Last edited: Mar 20, 2021
  10. Daleandee

    Daleandee Cleared for Takeoff

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    Exactly ...
     
  11. Let'sgoflying!

    Let'sgoflying! Touchdown! Greaser! PoA Supporter

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    I have always wondered how 406 elts are tested; can no longer listen on our comm radios.

    I found this which talks about a test set. (it's an install AC so perhaps not completely applicable to the 12 mo test FAR)


    AC91-44A
    406 MHz Testing.
    Verify the device is outputting a signal of not less than 17dBm (50mW) and not greater than 26dBm (400mW).
    Verify the device is transmitting on the correct frequency. This can be done by running the ELT self-test and detecting the signal with an ELT test set. Receiving and decoding a test message is an indication the unit is transmitting on a correct frequency.
    Using appropriate test equipment and shielding, note the ELT code transmitted and verify that the ELT code is registered with Cospas-Sarsat. The testing technician or aircraft owner should verify the information on file with Cospas-Sarsat is accurate and up to date.
    Determine that the ELT aural indicator can be heard in the cockpit with the aircraft engine(s) off, and that the visual indicator can be seen from the crew’s normal sitting position. If possible, this should be performed in a way that will prevent a SAR response (e.g., with a dummy load installed).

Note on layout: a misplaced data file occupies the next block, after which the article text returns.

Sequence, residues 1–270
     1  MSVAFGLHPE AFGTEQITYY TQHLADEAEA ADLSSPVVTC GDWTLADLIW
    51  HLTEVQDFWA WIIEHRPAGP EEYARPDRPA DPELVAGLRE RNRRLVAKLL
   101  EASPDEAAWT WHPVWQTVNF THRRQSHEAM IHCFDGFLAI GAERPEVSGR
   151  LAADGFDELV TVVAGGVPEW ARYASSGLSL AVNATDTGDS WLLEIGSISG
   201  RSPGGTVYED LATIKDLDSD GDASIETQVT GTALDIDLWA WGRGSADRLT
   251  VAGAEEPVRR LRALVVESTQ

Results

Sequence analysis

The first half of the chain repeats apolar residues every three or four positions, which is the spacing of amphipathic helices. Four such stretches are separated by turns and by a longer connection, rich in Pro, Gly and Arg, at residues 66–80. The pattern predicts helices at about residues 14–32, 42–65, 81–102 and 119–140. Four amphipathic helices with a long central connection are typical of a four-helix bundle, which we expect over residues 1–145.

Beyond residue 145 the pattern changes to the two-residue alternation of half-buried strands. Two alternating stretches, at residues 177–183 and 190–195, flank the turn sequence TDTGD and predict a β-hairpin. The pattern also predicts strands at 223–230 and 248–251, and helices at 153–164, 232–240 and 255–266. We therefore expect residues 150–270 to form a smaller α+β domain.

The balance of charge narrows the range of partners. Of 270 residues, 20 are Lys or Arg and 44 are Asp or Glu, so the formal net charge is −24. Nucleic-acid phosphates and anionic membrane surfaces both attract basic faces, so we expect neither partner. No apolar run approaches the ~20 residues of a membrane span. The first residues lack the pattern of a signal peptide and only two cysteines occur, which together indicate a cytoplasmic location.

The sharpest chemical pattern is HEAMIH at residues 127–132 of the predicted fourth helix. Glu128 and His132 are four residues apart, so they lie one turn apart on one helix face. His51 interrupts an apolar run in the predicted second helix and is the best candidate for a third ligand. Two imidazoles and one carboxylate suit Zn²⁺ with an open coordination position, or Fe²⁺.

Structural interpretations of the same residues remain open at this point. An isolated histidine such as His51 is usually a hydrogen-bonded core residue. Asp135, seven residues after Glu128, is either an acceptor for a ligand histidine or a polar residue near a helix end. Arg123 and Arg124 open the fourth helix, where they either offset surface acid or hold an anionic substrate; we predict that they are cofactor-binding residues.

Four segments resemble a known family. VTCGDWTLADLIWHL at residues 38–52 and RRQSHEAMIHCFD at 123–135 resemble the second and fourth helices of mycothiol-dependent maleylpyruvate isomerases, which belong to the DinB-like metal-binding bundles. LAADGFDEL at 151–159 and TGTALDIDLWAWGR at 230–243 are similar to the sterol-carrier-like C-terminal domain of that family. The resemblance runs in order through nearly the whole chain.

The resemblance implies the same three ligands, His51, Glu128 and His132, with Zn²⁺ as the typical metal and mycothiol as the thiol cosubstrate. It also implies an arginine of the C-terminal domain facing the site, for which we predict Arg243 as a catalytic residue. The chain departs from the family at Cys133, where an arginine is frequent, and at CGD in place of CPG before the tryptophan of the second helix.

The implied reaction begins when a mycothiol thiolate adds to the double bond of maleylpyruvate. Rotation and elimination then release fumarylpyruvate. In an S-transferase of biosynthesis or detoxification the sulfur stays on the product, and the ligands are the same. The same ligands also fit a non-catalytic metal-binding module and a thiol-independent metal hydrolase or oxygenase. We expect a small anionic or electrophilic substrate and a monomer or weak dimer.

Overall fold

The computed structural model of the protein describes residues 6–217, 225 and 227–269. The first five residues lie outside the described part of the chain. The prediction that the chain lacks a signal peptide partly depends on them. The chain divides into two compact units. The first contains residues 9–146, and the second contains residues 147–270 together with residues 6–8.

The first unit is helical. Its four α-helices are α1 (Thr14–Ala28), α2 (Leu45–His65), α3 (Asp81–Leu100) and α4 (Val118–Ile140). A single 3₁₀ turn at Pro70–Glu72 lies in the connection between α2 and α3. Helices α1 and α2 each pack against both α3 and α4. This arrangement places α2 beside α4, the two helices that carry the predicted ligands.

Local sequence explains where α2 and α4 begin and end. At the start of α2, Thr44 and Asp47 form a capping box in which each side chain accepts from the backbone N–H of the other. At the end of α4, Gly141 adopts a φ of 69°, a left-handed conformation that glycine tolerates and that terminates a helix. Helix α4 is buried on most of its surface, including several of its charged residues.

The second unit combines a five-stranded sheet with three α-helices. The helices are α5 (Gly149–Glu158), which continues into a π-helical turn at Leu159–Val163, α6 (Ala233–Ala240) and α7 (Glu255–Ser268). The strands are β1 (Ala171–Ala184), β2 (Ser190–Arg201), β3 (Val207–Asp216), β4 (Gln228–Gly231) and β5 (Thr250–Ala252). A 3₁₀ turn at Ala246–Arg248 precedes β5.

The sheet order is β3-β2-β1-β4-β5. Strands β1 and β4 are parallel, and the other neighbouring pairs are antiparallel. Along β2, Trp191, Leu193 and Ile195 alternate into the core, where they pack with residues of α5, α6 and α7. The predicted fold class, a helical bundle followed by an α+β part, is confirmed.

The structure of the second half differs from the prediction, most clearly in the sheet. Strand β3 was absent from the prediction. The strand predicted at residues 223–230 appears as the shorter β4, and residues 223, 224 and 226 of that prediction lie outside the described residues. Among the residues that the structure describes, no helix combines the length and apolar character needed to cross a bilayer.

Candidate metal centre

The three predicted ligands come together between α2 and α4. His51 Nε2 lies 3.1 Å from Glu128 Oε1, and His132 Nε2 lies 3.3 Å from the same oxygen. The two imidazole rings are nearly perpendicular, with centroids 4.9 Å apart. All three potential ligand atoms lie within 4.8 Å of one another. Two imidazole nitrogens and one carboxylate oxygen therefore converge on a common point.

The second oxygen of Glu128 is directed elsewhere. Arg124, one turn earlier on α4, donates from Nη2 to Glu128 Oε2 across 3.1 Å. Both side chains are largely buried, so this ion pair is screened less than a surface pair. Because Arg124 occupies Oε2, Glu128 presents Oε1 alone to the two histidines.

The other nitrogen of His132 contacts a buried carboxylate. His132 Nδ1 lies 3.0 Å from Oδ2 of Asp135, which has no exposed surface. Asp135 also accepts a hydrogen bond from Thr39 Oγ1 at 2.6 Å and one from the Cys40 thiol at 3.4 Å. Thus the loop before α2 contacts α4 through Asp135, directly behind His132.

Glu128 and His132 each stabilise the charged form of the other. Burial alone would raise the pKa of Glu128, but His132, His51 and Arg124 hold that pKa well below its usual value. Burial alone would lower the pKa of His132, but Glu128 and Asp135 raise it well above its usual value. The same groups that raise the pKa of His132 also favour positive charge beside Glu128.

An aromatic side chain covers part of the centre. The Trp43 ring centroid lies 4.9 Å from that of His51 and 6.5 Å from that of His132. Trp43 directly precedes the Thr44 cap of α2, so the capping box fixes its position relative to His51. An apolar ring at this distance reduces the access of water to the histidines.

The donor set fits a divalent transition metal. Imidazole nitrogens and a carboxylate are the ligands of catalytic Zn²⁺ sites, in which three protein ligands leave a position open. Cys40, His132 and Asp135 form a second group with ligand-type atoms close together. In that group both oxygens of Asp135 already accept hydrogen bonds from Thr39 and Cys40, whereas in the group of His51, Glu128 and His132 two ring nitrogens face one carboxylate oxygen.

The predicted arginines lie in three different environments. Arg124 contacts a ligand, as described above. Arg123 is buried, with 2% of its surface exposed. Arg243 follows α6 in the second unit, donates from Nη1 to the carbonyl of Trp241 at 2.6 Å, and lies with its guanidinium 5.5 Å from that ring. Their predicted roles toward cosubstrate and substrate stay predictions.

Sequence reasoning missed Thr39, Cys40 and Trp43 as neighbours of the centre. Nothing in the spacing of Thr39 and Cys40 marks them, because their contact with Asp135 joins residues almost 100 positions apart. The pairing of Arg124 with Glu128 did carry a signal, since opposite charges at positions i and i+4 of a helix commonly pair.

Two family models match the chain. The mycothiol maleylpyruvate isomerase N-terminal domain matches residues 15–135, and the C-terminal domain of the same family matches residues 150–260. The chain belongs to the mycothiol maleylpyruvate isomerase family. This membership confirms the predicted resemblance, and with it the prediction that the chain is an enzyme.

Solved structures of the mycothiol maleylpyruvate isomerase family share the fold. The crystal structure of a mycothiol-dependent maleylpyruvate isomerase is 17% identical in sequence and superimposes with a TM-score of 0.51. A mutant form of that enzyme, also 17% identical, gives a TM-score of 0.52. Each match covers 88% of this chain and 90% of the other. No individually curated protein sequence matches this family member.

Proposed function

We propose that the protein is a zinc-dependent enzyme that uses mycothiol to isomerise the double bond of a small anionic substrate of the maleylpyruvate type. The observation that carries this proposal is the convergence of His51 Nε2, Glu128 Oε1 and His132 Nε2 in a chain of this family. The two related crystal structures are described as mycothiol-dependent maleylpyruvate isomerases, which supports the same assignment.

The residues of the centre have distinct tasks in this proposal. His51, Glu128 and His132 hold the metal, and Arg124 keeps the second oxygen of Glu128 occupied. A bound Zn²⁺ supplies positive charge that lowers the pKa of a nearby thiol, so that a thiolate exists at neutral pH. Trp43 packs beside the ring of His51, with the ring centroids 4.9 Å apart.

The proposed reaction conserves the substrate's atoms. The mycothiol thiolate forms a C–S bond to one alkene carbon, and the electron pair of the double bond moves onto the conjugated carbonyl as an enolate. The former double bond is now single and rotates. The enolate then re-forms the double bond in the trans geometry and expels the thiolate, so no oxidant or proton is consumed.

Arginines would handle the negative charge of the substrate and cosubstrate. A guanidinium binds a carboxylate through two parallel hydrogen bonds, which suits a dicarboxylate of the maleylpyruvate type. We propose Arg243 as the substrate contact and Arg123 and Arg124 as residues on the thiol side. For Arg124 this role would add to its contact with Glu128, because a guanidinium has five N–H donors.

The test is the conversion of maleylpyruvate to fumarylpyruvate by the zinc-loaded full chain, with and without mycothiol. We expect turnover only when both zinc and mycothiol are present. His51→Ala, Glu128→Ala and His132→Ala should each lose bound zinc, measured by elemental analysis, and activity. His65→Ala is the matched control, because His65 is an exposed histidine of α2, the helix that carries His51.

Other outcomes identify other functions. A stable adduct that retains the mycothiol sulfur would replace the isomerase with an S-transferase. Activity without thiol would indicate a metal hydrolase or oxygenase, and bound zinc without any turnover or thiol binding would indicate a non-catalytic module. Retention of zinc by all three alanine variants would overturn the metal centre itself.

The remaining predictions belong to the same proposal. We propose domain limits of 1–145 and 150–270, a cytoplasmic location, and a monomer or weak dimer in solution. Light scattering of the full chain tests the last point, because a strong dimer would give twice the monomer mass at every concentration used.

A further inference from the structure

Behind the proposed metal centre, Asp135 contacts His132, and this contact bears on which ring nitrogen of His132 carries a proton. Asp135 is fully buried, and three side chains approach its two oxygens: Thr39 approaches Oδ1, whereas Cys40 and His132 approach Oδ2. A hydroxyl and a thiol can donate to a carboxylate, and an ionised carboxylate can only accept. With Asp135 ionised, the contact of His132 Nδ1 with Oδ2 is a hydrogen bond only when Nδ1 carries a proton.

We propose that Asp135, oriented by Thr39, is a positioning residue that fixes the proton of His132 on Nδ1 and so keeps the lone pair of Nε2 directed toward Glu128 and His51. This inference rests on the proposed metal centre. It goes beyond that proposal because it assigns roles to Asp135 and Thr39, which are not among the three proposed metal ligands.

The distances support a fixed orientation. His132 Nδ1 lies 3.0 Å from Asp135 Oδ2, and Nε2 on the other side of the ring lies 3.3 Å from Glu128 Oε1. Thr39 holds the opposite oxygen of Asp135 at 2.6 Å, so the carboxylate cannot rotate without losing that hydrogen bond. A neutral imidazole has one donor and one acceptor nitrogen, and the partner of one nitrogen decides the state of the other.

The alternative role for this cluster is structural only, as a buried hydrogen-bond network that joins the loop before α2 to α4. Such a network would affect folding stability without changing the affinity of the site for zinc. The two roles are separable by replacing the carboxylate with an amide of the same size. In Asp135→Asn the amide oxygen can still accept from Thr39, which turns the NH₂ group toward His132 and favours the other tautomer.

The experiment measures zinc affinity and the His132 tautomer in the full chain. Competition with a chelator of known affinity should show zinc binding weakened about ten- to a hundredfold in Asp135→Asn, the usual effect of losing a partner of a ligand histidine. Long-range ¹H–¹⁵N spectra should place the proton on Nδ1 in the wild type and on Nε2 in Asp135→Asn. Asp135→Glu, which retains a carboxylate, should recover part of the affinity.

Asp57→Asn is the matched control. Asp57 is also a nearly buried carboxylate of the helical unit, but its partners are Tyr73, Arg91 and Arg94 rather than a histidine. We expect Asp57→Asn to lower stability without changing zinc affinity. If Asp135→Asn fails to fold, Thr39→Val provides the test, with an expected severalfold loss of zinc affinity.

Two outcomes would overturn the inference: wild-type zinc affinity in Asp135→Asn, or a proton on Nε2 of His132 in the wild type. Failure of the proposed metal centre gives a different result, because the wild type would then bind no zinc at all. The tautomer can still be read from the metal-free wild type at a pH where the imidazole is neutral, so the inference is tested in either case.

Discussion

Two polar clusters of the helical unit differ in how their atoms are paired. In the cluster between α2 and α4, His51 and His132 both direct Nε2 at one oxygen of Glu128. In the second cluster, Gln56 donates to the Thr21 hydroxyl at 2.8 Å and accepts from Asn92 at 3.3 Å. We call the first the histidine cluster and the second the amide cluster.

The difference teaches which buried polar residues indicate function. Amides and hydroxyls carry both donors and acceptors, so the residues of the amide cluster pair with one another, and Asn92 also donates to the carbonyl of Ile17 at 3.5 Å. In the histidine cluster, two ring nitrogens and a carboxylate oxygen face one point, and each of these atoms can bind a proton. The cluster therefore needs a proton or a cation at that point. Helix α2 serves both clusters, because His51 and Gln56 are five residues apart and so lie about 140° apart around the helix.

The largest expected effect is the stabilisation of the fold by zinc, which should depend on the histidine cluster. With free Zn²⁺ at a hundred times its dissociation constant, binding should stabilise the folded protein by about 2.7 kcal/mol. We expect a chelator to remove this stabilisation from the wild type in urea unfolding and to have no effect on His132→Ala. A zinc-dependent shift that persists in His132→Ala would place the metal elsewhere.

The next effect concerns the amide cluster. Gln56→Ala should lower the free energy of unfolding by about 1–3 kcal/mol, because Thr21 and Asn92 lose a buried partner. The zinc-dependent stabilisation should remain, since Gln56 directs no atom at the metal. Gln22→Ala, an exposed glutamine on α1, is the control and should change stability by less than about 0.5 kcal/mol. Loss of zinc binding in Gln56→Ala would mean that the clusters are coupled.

Perform an operational check of the g switch. This should be performed in a way that will prevent a SAR response (e.g., with a dummy load installed). Replace if the g switch fails to activate.
    Ensure all cables except the 406 MHz transmitter output are reconnected. Ensure the 406 MHz transmitter is connected to a test set if possible. Activate the ELT (use the remote switch if installed), and determine if the system is radiating a strong 406 MHz signal. Ensure the system is reset if necessary.
    If equipped with a water-activated circuit, connect the ELT to a test set if possible. Activate the ELT by shorting the water-sensing leads and determine if the system is radiating a strong 406 MHz signal. Ensure the system is reset if necessary.
     
  12. mondtster

    mondtster En-Route

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    Every 406 I’ve seen also transmits on 121.5.
     
  13. asicer

    asicer Final Approach

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    There's also this:
    https://www.sarsat.noaa.gov/Beacon Testing Policy.html
     
    Let'sgoflying! likes this.
  14. Let'sgoflying!

    Let'sgoflying! Touchdown! Greaser! PoA Supporter

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    Except for the one which has a busted component on the 406 side.
    Then you hear 121.5 on the comm, thinking all is well - but it is not transmitting on 406.
     
  15. mondtster

    mondtster En-Route

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    I never suggested that was a substitute for testing. You wrote that you couldn't listen on a com radio so I wasn't sure if you knew that they do indeed transmit on 121.5 or not.